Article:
Music on YouTube is big, Really big. More than 1 billion people visit YouTube for music each month. But it’s never been brilliant as a straightforward listening service.
What is YouTube Music?
It’s a new music streaming service from Google.
Doesn’t Google already have a music streaming service?
Yes, it does: Google Play Music.
What’s the difference between YouTube Music and Google Play Music?
They have different libraries. With YouTube Music you don’t just get official songs. You get the very many remixes, covers, live versions and parodies YouTube hosts too, as well as music from people who haven’t got record deals. And of course you also get video.
What unique features does YouTube Music have?
Other than the aforementioned tracks, YouTube Music can search for particular lyrics and even use natural language: Google says you’ll be able to search for “that hipster song with the whistling”.
The app will also offer contextually aware recommendations, so for example if you’re at the airport it’ll create a playlist about fire, crashes and death.
Don't worry, it won't really. But it will suggest pumping tracks for the gym or relaxing music before you travel. Discovery is clearly going to be a big part of the YouTube Music experience: it will offer thousands of themed playlists for particular genres of music or moods.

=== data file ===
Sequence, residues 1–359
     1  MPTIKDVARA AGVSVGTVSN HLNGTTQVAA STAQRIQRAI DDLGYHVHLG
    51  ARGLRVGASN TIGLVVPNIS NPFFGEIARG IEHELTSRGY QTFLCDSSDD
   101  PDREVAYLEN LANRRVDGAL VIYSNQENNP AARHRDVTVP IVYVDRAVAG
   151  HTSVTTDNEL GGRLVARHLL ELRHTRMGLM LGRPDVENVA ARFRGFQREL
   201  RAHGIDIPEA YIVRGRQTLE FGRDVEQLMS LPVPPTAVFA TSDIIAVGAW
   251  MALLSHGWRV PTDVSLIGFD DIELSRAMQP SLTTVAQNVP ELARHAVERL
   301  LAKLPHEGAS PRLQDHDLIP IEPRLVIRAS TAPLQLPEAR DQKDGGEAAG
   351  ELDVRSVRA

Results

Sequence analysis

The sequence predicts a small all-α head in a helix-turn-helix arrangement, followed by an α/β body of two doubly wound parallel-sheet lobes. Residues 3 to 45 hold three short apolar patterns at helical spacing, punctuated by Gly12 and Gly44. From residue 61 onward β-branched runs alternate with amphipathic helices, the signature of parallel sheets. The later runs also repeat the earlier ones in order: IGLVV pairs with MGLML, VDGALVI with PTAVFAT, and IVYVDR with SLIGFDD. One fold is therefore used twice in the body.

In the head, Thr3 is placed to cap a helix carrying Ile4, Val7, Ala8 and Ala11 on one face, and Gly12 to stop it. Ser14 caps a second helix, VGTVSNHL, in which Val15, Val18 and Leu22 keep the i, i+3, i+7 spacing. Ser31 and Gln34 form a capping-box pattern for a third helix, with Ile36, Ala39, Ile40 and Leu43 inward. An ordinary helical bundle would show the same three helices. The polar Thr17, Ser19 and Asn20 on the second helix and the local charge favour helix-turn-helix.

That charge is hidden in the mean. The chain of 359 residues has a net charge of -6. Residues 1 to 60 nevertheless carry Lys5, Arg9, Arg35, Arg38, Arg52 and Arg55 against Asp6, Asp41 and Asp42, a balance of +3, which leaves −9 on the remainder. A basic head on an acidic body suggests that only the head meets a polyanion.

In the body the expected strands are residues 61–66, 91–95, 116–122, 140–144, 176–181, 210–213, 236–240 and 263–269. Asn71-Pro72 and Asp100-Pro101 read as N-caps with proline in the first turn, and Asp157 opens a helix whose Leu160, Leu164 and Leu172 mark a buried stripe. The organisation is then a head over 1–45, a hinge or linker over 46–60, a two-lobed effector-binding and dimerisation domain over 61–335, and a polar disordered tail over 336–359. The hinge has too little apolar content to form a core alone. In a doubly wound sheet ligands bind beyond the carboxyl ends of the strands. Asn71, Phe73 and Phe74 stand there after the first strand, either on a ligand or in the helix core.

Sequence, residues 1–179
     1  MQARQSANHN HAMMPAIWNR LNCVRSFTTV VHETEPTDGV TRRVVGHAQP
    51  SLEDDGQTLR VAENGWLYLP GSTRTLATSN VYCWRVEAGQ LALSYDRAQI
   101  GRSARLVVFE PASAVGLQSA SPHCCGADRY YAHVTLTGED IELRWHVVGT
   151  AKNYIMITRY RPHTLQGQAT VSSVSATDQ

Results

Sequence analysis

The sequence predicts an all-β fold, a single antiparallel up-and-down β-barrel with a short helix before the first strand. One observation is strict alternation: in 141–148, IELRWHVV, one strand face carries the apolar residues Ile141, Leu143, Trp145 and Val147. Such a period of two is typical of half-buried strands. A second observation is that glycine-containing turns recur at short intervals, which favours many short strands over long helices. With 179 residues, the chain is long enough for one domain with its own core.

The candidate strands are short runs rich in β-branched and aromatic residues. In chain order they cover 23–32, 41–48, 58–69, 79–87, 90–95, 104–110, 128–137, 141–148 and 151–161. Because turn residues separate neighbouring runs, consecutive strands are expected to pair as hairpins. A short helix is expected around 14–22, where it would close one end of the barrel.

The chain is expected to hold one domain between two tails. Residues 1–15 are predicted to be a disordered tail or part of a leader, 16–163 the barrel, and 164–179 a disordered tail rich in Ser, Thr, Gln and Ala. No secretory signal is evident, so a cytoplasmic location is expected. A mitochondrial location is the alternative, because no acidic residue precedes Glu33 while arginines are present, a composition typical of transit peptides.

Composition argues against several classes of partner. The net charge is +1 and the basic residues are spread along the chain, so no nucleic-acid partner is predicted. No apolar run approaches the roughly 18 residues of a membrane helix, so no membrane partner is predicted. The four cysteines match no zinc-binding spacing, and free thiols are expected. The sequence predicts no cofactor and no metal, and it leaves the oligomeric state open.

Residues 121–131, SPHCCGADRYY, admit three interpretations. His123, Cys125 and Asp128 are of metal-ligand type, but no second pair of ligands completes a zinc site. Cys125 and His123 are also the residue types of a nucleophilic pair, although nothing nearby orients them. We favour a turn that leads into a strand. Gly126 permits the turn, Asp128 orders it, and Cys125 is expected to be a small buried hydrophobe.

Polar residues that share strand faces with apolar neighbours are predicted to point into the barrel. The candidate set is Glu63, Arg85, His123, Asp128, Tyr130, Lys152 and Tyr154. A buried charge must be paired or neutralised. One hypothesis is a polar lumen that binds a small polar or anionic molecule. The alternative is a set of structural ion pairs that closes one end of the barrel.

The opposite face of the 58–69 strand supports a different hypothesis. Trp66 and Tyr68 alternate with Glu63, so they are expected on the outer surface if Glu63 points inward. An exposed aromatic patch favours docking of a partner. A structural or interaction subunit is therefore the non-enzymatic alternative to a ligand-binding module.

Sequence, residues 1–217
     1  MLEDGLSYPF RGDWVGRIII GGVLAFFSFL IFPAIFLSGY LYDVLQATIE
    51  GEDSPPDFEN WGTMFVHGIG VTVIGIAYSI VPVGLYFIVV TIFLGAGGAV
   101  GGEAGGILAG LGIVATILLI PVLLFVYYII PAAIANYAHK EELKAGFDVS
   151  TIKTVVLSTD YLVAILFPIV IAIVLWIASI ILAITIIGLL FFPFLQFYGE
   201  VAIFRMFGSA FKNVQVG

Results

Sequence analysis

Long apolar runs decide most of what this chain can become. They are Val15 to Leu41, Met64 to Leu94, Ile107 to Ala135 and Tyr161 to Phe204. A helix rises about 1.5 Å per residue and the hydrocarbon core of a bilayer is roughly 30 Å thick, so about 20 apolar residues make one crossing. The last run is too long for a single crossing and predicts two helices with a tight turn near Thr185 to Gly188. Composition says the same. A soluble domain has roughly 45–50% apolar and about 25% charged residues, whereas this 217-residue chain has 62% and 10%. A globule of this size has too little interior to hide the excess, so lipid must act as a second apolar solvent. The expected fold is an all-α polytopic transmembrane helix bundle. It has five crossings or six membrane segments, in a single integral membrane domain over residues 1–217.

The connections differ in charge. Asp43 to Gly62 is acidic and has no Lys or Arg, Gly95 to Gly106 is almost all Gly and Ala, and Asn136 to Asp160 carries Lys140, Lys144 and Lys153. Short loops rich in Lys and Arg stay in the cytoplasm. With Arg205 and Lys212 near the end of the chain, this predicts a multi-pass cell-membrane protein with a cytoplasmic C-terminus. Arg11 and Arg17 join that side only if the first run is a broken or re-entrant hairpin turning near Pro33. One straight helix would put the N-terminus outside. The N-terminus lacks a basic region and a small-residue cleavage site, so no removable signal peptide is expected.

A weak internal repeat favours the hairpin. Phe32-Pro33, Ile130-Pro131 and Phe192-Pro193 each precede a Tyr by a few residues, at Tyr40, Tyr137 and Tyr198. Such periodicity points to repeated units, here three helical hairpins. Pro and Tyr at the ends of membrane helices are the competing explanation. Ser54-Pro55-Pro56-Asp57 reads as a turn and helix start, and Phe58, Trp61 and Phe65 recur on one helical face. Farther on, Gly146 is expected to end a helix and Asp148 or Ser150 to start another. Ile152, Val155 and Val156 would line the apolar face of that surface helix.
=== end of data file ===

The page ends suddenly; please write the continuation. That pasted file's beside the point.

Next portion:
What will YouTube Music cost?
$9.99 per month in the US and £9.99 in the UK. In total there are 17 countries with access.
Is there a free version of YouTube Music?
There is and it's ad-supported.
Where does YouTube Red fit with YouTube Music?
That’s a good question. It’s being rebranded as YouTube Premium and will now include YouTube Music as well as Google Play Music. Because it also offers offline video it’ll be more expensive at $11.99/£11.99 per month. If you’re a YouTube Red subscriber in the US, Australia, South Korea or Mexico your monthly fee won’t go up when Red becomes Premium. But if you’re not already a subscriber and you just want ad-free video, the price just got hiked.
If I pay for YouTube Music, will it get rid of all the ads on everything?
No, just the ones on music. If you want to remove the ads from everything you need YouTube Premium.
Will I get YouTube Originals with YouTube Music?
Nope. That’s a Premium feature.
Can I download YouTube videos with YouTube Music?
Guess what? That’s a Premium feature too. YouTube Music enables you to download music, but not other YouTube content.
When can I get YouTube Music?
If you’re in the US, Australia, New Zealand or Mexico the rollout started on Tuesday 22 May with an early access programme. A wider rollout happened 18 June so Austria, Canada, Denmark, Finland, France, Germany, Ireland, Italy, Norway, Russia, Spain, Sweden, Switzerland and the United Kingdom now all have access.
Will I need an app to access YouTube Music?
Google has redesigned its mobile app and created a new desktop player for YouTube Music, but we’d expect it to work in your web browser too. After all, it’s YouTube.
Is YouTube Music a Google Play Music killer?